A little over a year later, in December 1947 in the aftermath of Partition, the entire Bedi family travelled to Srinagar and for the next five years made the city their home. B.P.L. Bedi was a key adviser and lieutenant to Sheikh Abdullah’s administration and Freda too was politically influential.

She enrolled in the Women’s Self Defence Corps, the left-wing women’s militia, and there is news reel footage of her carrying a rifle as the militia assembled to welcome Nehru to Kashmir in the summer of 1948. She worked to help those displaced both by Partition and by the war that Kashmir was plunged into. Sheikh Abdullah appointed her to a committee to revise school text books and make them suitable for the independence era, and when the Government College for Women was established, she taught English literature there. Her fourth child – a daughter, Gulhima, – was born in Srinagar in September 1949.

‘Living in Kashmir is like sitting on the edge of a precipice’, Freda commented in a letter to an old Oxford friend. ‘Kashmir with its Socialist Government and its young leaders can lead India … I’ve great faith in it, and love for it, too. It is beautiful, rich in talent and natural resources.’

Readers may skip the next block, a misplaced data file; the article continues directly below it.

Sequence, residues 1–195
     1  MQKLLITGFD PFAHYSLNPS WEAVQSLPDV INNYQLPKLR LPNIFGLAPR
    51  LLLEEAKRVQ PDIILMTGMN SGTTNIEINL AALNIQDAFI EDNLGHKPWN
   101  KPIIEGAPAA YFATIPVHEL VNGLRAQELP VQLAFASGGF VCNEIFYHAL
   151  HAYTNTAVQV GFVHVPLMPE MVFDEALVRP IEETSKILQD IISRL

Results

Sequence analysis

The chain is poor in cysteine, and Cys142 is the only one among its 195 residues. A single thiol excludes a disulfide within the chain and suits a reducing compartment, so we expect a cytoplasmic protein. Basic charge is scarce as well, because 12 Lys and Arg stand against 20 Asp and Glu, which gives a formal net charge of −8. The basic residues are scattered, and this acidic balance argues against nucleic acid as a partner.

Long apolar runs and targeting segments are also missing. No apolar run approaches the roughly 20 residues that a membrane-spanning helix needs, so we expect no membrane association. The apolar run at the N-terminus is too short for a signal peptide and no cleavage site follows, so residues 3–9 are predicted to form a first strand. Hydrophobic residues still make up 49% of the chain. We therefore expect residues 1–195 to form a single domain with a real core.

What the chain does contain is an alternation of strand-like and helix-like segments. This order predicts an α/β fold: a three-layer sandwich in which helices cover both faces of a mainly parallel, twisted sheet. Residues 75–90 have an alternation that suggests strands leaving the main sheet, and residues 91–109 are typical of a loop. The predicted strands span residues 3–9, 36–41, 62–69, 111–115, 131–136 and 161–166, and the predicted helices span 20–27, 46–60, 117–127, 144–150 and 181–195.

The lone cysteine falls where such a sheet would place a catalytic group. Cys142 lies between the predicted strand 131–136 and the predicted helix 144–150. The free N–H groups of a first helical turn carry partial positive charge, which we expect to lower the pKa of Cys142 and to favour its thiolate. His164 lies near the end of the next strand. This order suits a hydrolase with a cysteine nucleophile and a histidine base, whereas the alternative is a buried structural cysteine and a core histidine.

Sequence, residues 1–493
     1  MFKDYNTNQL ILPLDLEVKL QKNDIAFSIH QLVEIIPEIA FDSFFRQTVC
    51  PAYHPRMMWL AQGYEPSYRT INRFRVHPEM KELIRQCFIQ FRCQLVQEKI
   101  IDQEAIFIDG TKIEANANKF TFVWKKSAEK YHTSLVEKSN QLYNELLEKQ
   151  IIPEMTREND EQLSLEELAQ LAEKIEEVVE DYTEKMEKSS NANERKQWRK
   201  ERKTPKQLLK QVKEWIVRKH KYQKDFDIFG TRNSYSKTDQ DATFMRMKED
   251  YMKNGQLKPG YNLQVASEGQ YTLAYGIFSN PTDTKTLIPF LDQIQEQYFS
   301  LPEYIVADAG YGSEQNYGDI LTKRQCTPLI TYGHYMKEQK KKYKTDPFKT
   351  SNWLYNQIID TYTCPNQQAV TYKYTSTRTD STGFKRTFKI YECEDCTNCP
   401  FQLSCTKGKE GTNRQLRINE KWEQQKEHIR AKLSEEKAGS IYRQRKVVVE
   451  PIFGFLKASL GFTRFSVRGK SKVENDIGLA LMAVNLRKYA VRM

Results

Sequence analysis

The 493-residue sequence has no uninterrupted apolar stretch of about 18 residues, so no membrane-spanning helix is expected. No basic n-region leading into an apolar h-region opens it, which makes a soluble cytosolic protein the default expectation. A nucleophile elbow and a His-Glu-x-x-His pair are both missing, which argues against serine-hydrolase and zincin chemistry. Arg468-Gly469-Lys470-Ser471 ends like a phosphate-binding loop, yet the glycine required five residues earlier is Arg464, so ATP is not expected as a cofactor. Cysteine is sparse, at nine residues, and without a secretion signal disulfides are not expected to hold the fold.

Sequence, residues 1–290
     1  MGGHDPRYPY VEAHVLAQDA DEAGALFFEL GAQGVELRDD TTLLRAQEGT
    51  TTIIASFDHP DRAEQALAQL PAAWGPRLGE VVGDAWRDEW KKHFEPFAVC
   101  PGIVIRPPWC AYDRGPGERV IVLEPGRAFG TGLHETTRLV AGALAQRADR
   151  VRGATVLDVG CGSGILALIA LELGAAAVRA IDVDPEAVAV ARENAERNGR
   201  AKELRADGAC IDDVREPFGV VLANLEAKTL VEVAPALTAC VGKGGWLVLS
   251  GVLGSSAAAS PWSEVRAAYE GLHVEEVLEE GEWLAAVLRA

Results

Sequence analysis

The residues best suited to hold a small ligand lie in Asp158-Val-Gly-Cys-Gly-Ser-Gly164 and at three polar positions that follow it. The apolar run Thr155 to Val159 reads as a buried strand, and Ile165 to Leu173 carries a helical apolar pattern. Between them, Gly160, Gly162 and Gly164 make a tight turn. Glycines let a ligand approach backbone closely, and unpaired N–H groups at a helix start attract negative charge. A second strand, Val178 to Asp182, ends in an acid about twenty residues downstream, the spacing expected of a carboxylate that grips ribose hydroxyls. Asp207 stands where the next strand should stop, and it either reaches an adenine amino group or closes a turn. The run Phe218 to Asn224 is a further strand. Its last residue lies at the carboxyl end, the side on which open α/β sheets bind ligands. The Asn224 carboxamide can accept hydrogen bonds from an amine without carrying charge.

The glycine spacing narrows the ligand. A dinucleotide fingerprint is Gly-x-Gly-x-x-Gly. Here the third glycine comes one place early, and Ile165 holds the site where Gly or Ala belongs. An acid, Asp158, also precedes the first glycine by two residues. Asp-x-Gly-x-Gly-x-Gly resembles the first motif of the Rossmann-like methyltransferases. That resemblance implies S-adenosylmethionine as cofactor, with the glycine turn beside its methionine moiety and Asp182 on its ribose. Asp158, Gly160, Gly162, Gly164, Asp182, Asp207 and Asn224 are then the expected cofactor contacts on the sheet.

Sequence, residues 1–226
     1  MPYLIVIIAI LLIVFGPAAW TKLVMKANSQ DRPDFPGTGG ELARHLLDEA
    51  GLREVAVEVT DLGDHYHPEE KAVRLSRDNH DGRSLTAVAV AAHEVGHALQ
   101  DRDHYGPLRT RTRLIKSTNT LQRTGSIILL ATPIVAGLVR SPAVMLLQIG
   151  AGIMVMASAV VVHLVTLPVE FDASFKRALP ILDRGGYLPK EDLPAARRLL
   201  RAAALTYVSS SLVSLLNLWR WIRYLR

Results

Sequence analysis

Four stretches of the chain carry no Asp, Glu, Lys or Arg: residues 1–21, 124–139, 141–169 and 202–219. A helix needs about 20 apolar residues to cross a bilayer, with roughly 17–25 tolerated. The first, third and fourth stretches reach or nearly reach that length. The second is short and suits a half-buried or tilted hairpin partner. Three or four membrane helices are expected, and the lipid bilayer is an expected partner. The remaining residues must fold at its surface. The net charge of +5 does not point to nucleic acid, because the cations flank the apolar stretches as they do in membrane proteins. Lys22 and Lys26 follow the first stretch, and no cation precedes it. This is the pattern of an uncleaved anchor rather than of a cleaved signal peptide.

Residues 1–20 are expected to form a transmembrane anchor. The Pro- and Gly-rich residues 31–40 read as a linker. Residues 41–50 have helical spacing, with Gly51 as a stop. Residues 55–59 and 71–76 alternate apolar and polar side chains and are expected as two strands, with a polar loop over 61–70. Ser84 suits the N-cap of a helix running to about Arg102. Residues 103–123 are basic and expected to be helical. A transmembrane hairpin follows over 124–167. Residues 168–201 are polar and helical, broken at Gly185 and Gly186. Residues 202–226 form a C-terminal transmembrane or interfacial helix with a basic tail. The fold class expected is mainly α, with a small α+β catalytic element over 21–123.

By the time Sheikh Abdullah was dismissed as Kashmir’s prime minister and arrested in August 1953, the Bedi family had moved to Delhi. Freda’s lifelong spiritual quest led her to Buddhism. When tens of thousands of Tibetans fled across the Himalayas to escape Chinese persecution, Freda persuaded Nehru to send her to improve facilities in the refugee camps. She eventually became a Tibetan Buddhist nun, taking the name Sister Palmo, and worked with dedication to help sustain Tibetan Buddhism and to encourage lamas to reach out to new devotees in the West.

Freda Bedi delighted in reinventing herself. She refused to be constrained by barriers of gender, race, religion and nation. She looked on her years in Kashmir as among the most fulfilling, politically and personally, of her life.

(Andrew Whitehead’s biography The Lives of Freda: the political, spiritual and personal lives of Freda Bedi is being published by Speaking Tiger. He is also the author of A Mission in Kashmir.)

Courtesy: Rising Kashmir